National championships aren’t rare around Tuscaloosa, but one local teenager is adding one to the pile after she won the Interscholastic Equestrian Association’s Hunt Seat National Final in Lexington, Virginia.

Abbey Whitmer first took to the saddle when she was 8 years old, but ever since she’s been training for competition.

“I wasn’t expecting to go in there and do amazing,” she said. “I was just trying to do my best.”

Turns out, Abbey’s best was more than enough to secure her the title of Varsity Open Champion.

“There’s so many factors that play into you winning a national championship, and everything just lined up so nicely,” said Tuscaloosa Equestrian Team coach Reid Rickett. “She rode so well. Everything came together, and we won, and I still can’t really believe it. I’m still on cloud nine.”

Westminster Farm in Northport highlights a different kind of teamwork, as human and animal work together toward the same goals.

“As you get to know your horse, you learn how they like you to ride, and they learn how you ask them for different things,” Abbey said. “Eventually, you start to click and can get to know the horse more. You don’t have to ask as hard because they get to know you and what you’re really wanting them to do.”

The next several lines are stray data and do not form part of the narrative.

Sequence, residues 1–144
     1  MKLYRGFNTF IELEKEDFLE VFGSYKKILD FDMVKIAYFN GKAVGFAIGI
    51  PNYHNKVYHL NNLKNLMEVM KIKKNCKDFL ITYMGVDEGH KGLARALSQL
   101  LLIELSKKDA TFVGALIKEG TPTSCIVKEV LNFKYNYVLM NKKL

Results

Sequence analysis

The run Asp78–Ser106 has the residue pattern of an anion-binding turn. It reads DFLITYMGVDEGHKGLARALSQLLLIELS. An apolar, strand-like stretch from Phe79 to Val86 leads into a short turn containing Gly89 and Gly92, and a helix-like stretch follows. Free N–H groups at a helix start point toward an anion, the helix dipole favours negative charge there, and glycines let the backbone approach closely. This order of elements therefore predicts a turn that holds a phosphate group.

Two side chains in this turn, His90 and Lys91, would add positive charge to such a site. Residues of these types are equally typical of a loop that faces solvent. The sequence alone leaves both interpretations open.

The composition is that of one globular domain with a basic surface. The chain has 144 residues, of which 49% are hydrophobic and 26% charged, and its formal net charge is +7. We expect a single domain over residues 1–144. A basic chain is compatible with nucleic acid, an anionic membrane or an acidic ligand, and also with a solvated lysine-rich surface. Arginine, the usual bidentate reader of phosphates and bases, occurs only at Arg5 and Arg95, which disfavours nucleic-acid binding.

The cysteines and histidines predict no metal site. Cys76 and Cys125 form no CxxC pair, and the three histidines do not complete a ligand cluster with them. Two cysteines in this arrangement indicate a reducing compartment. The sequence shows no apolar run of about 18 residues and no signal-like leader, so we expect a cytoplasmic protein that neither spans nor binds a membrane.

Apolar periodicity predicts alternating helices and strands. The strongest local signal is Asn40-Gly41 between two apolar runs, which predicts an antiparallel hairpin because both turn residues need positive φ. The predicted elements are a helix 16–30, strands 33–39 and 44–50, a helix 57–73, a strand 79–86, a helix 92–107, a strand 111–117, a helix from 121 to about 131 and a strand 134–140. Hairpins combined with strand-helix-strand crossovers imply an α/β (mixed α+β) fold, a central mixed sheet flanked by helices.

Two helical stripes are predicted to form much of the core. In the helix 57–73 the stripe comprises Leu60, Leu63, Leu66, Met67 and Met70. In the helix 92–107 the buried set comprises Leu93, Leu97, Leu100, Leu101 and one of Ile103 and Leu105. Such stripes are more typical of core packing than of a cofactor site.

However, in the competition Abbey won, riders don’t ride their own horses. When they enter the ring, it’s the first time horse and rider have ever worked together.

“She won because she knew the fundamentals of how to ask a horse what to do,” Rickett said.

This kind of competition isn’t easy for riders, but Abbey’s spent years training for her moment in the spotlight.

“She did a good job of handling something that maybe would have been a little more difficult for someone else,” Rickett said. “She comes by that because she’s out here riding two or three horses a day, even after school. So she’s got a really good understanding and a good feel, and a quick response time to anything that happens underneath her.”

Rickett said Abbey has a bright future ahead of her. Now, she’s getting invitations to elite competitions — along with the potential for college scholarships. But her first big win is sticking with her.


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